Impact Investing Influencing General Partner-Limited Partner Relationships4 April 2022
According to the 2022 SS&C Intralinks LP Survey, general partners are listening to their investors by integrating ESG into every aspect of their funds.
A preference toward smaller asset managers found in the 2022 SS&C Intralinks LP Survey produced in association with Private Equity Wire may indicate how considerations around impact and environmental, social and corporate governance (ESG) are picking up steam in alternative investments.
"While [general partner] GP size is a factor when it comes to investing, [the] selection is still largely governed by client strategy, which needs to be addressed on a case-by-case basis," says Tricia Ward, director for private markets at Redington, an independent investment consultancy based in the U.K.
"If anything, it may be more challenging to offer smaller, emerging managers to our clients — for instance, they may not move the needle for a large pension scheme today — but if our clients are interested in investing with an impact-lending lens, then they may need to look at smaller and emerging GP funds," she says.
According to the latest LP Survey, 43 percent of limited partners (LPs) confirmed that they preferred managers on the smaller end of the assets under management (AUM) spectrum last year — those overseeing assets between USD 100 million and USD 500 million. At the same time, one-third of investors backed managers with north of USD one billion in AUM but only one in 10 LPs backed managers with over USD five billion in AUM.
Our report, which surveyed 199 global LPs, also found that emerging managers — those with less than a three-year track record — are beginning to pique the interest of LPs attracted by high return potential, access to niche investment strategies and new talent.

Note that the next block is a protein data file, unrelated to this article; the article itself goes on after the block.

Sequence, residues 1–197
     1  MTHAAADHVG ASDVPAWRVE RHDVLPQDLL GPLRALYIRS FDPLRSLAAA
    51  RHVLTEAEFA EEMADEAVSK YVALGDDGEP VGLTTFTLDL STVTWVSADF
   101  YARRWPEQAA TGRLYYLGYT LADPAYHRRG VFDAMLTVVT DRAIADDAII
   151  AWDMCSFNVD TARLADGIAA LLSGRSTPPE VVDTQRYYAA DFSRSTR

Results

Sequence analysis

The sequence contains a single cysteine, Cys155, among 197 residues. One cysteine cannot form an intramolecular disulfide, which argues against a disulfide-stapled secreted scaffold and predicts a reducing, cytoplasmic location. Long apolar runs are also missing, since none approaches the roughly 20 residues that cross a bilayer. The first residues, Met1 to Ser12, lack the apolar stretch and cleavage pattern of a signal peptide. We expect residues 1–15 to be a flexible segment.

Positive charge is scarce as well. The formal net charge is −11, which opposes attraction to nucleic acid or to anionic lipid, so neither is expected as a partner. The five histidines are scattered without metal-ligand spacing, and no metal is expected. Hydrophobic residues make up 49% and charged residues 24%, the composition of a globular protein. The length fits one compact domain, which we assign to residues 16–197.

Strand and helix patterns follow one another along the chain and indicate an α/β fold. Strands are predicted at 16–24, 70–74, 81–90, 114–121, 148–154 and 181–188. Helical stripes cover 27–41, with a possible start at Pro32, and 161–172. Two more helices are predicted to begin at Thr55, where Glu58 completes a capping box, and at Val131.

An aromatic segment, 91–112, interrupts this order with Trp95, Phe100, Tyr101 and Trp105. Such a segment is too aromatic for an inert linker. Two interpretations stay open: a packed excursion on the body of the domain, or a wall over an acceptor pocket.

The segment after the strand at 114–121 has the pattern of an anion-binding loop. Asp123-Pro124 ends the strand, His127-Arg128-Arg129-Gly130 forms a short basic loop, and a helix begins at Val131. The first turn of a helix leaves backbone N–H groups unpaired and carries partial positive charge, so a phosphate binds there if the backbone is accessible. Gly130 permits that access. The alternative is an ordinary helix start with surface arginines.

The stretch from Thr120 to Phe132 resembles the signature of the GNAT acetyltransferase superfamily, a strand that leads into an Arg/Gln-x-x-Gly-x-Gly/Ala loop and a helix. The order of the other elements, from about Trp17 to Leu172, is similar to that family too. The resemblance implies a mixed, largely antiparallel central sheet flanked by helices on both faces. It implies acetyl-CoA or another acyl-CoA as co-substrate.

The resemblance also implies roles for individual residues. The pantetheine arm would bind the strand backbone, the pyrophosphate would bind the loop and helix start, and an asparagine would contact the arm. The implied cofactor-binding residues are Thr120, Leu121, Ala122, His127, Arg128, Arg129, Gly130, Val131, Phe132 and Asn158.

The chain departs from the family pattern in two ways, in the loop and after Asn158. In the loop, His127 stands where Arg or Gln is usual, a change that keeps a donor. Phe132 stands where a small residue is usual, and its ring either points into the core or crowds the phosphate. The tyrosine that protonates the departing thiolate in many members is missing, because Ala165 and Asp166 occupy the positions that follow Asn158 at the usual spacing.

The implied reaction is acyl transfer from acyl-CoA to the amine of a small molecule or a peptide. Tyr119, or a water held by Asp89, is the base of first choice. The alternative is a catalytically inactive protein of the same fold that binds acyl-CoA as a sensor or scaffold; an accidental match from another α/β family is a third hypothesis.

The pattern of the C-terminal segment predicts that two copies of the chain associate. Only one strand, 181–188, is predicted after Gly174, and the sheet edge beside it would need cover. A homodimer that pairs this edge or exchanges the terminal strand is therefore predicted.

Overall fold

"Impact lending is still a nascent asset class, so LPs interested in this will have to turn to specialist emerging fund managers,” says Ward. “But size and experience will come over time."
According to research by Preqin, USD 3.1 trillion of private capital assets are managed by firms that are committed to ESG investing. This is 36 percent of the total USD 8.5 trillion of private capital AUM globally.
At the same time, managers are spending more time and money on exploring solutions that respond to investors’ interest in impact investing, a direct response to the emerging climate crisis and the global shift for investment to do good.
“At Redington, our default client advice is to provide net-zero advice,” Ward says. “This means that with every opportunity we assess, we look at GPs that are genuinely aligning to net-zero and showing tangible effort to measure the real-world impact.”
Nevertheless, without any common benchmarking processes or standardized reporting around ESG, greenwashing has infiltrated the alternative assets industry — and even LPs with the best intentions may find this hard to avoid.
To gain clarity into this nascent asset class, advisors are taking reporting into their own hands, creating their own databases and monitoring systems to collect quantitative and qualitative data for clients. “We have enhanced our internal expertise and broadened the team at Redington in order to provide best-in-class services to our clients, including ESG trends," says Ward.
"It is an evolutionary process, so at first we will have to watch how GPs incorporate short-term accountability measures to achieve long-term ESG objectives. But we are keen to work with GPs who integrate ESG risk into their investment processes, including impact managers, so that we have a network of trusted GPs that our clients will want to invest with.
“This will become even more important as we transition to more green and sustainable ways of doing business," says Ward.